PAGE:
What's in a Snack?

The design of the Snackbook reflects the needs and requests of the teachers who created it. The Snacks are divided into easy-to-follow sections that include instructions, advice, and helpful hints. Each Snack begins with drawings and photographs of both the original, full-sized exhibit, and the teacher-created, classroom-sized version. A short paragraph introduces the science behind the exhibit. There's a list of the materials needed, and suggestions on how to find them. Other sections give complete assembly instructions and contain descriptions of how to use the completed experiments.

Since the teachers insisted that correct scientific explanations accompany the hands-on activities, each Snack explains the science behind the phenomenon being demonstrated. A section called "Etc." contains interesting bits of additional historical and scientific information. You can see a sample Snack and all its parts on the inside front cover of this publication. Seven other Snacks are provided for you throughout the booklet.


How to use the Snackbook

After its publication in August of 1991, the Snackbook rapidly found its way far beyond the San Francisco Bay Area. Within a week, for example, the Exploratorium had received a request from the Outback of Australia asking us to help teachers there find a supplier of plastic mirrors for their Snackbook experiments.

We also discovered that a wider range of teachers were using the Snackbook than we had originally expected. Though the Snackbook was written primarily for high school teachers, we began to hear of successful applications in elementary schools, middle schools, and colleges and universities. We also heard from local science teachers who had special education classes or were working with students learning English as a second language. While these students had great trouble learning science from their textbooks, many excelled at building Snacks and investigating science. We found that the Snackbook was particularly useful in school districts where science department funding was tiny. With its emphasis on inexpensive or scrounged parts, the Snackbook gave teachers in less well-funded districts a way to do hands-on science activities on a tight budget. Teachers who had never been to the Exploratorium asked us how to weave the hands-on activities described in the Snackbook into their classrooms. The need for a guide like this one became obvious. There are many ways to incorporate interactive science activities into your classroom. In the articles that follow, we will show you how several of our local teachers use the Snackbook to help their students create science exhibits of their own. We hope that this magazine will give you a few new ideas.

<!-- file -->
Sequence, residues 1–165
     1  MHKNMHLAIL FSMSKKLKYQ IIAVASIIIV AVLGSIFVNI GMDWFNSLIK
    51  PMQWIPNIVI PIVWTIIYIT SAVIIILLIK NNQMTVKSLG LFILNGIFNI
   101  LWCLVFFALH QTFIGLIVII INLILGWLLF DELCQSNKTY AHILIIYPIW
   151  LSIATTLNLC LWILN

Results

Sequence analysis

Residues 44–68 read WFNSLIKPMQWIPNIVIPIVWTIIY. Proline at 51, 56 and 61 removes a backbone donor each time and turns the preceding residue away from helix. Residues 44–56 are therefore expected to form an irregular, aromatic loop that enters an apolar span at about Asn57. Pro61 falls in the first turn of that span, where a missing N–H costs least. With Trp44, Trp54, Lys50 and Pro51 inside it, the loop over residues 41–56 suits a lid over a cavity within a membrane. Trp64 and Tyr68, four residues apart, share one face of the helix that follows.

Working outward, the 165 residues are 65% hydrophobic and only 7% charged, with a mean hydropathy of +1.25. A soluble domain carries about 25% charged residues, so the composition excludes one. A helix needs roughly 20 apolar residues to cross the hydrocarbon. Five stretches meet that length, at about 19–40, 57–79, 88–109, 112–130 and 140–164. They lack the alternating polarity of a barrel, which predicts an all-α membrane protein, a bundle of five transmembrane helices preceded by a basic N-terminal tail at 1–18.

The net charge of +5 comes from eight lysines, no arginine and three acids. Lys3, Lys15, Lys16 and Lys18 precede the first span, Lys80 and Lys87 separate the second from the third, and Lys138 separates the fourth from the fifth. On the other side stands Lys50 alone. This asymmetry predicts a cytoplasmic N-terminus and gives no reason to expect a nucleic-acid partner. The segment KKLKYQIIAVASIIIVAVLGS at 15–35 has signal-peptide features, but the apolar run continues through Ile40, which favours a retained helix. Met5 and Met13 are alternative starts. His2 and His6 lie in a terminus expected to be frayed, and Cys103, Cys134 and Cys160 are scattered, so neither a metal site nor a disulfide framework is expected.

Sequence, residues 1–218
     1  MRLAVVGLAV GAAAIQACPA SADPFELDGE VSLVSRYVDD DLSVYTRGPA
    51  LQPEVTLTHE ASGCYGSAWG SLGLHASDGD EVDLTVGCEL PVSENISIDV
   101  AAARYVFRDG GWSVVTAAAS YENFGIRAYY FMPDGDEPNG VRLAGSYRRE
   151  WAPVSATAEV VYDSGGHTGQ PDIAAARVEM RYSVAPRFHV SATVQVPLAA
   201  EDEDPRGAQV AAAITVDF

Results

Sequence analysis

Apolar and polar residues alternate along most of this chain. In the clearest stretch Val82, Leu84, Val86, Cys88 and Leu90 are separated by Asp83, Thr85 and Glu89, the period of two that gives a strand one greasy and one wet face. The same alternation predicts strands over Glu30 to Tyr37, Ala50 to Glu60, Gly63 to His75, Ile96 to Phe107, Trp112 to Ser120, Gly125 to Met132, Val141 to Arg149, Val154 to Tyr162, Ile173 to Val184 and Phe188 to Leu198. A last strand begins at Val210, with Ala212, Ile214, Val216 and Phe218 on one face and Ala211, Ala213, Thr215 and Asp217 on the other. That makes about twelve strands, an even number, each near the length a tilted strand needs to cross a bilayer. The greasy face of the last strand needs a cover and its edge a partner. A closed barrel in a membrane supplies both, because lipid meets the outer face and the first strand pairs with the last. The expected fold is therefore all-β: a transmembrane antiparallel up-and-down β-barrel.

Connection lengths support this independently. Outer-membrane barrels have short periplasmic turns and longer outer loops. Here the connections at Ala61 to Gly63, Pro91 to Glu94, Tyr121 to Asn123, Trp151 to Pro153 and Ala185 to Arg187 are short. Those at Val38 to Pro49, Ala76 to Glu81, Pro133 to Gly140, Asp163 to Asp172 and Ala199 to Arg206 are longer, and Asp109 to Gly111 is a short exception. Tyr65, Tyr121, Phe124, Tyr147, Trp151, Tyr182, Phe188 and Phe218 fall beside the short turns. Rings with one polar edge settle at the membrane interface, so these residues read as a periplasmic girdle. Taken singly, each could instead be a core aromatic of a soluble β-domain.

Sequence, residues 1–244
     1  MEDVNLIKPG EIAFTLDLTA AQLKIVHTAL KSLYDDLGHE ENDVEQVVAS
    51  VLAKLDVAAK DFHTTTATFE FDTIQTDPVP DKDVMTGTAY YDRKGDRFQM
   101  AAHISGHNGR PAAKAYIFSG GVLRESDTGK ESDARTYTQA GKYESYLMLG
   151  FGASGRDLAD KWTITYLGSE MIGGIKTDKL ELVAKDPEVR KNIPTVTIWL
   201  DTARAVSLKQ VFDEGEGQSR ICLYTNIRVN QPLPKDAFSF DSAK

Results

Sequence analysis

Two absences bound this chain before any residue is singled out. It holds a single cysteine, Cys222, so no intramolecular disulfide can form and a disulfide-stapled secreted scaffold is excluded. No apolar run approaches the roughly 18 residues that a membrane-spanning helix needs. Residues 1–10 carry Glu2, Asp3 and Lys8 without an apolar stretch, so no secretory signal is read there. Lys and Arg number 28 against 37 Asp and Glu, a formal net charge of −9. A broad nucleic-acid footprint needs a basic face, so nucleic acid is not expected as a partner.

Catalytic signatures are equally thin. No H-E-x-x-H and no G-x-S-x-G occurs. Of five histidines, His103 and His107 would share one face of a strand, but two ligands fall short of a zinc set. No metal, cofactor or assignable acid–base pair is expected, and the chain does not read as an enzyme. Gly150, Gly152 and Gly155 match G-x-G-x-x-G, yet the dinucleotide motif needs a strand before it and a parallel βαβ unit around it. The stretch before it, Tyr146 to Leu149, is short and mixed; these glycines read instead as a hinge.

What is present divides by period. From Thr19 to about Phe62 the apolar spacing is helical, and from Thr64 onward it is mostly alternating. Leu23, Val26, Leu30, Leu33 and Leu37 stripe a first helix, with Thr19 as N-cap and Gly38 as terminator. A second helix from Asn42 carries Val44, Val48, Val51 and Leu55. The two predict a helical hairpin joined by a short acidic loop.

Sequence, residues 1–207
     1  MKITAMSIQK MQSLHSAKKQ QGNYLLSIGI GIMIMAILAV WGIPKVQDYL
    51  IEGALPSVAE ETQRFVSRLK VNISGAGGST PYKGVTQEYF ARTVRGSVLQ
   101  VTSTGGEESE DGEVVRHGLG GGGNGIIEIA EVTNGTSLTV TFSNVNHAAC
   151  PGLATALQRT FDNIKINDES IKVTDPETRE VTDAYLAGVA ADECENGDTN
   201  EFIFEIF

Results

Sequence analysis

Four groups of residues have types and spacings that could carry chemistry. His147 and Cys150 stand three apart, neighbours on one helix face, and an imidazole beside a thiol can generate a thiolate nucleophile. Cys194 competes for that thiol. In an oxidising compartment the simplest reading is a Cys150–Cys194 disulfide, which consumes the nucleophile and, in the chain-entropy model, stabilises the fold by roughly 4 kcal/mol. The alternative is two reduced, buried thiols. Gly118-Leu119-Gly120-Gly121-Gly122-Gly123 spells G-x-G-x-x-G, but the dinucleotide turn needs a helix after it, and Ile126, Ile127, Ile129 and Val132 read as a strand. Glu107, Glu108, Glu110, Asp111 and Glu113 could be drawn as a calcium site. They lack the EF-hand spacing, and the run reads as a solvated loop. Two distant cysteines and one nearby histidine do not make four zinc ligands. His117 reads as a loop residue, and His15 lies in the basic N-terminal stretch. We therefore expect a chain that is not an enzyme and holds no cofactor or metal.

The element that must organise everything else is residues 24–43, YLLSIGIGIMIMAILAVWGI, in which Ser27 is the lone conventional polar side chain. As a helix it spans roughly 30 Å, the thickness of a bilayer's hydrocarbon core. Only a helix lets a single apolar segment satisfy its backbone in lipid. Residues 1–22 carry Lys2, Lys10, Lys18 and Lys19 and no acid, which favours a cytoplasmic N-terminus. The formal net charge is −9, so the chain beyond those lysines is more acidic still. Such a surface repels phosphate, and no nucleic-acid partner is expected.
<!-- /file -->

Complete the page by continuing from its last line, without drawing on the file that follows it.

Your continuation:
The Soap Film Painting exhibit Soap Film Painting is an excellent example of an Exploratorium exhibit. Visitors pull a long rod up out of a tray of soap solution to create a wall of soap film. They can poke the soap film and break it, blow into it to make it bulge, or wiggle it to make standing waves. With patient observation, the visitor can watch the wall of pastel colors change with time as the soap film thins to the thickness of a wavelength of light and less. As children and adults explore the exhibit, they are exposed to a tremendous range of scientific concepts�from the nature of surface tension to the interference of light.

©1993,1994,1995,1996 The Exploratorium 3601 Lyon Street San Francisco, Ca 94123